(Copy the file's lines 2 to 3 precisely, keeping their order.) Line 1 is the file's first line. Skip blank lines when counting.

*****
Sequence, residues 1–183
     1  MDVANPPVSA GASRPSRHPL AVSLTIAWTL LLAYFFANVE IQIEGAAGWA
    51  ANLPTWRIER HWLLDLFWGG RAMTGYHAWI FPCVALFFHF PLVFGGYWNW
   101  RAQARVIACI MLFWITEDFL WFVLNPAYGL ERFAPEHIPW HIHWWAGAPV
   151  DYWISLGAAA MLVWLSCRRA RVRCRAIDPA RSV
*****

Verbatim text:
     1  MDVANPPVSA GASRPSRHPL AVSLTIAWTL LLAYFFANVE IQIEGAAGWA
    51  ANLPTWRIER HWLLDLFWGG RAMTGYHAWI FPCVALFFHF PLVFGGYWNW